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Fossil Megaspores of Marsileales and Selaginellales from the Upper Coniacian to Lower Santonian (Upper Cretaceous) of the Tamagawa Formation (Kuji Group) in Northeastern Japan
Masamichi Takahashi, Peter R. Crane and Hisao Ando
International Journal of Plant Sciences
Vol. 162, No. 2 (March 2001), pp. 431-439
Published by: The University of Chicago Press
Stable URL: http://www.jstor.org/stable/10.1086/319575
Page Count: 9
You can always find the topics here!Topics: Megaspores, Fossils, Pollen, Sediments, Angiosperms, Spores, Reticulum, Mudstone, Circles, Fossil plants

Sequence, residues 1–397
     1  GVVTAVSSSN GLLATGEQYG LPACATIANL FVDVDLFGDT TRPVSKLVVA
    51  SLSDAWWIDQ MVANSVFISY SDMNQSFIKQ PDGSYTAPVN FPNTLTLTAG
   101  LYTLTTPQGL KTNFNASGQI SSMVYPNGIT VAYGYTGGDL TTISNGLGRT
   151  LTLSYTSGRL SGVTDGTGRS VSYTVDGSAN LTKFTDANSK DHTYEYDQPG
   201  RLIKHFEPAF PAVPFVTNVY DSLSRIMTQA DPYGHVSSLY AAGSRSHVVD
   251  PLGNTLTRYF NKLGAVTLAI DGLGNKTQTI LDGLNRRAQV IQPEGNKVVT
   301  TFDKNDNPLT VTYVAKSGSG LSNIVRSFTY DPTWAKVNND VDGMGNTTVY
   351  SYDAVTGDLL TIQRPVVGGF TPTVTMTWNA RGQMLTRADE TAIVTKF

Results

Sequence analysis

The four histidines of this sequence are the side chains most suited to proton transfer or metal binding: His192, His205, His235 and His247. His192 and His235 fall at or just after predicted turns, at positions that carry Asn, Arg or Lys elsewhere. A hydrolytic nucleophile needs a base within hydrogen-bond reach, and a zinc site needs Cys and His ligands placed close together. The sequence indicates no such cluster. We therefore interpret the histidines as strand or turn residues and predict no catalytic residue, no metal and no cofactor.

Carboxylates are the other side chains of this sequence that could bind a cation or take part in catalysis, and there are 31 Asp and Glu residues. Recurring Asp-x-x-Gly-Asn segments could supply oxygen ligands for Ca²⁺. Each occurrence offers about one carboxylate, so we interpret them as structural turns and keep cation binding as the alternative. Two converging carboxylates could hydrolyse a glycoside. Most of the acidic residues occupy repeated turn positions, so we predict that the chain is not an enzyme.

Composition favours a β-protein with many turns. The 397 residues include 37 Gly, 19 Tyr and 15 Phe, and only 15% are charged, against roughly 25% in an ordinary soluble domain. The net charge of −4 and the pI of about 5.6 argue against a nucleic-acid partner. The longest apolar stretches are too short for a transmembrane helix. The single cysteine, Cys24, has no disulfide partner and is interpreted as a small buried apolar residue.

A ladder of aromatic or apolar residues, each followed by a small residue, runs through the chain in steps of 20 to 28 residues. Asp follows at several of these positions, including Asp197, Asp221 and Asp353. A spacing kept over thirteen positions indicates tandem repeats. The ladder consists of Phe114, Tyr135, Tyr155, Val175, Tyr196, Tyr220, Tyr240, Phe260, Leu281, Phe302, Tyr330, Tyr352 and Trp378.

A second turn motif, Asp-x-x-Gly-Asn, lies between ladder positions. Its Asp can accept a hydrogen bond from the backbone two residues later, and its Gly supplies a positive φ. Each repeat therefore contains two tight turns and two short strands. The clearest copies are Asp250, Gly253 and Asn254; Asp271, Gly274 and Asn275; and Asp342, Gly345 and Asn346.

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Bulk sieving of sedimentary samples from upper Coniacian to lower Santonian (Upper Cretaceous) of the Tamagawa Formation (Kuji Group) in northeastern Japan has yielded more than 600 fossil megaspores, which comprise the first megaspore assemblage to be described from the Cretaceous of Japan. Megaspores were studied in detail with scanning electron microscopy, including fractures that allow examination of the wall structure. Molaspora (Marsileales) is the most distinctive component of the assemblage, with a spirally twisted acrolamella. The other megaspores share three laesurae and a granular exospore structure that is ordered to varying degrees. The most abundant megaspores are Erlansonisporites and Verrutriletes, followed by Bacutriletes and Trileites. The regular orientation of exospore granules in Erlansonisporites suggests a selaginellalean affinity. Evidence from the new assemblage indicates that the Marsileales and Selaginellales were components of the late Cretaceous paleoflora on the eastern side of Eurasia and expands previous knowledge of the Cretaceous vegetation of this region.
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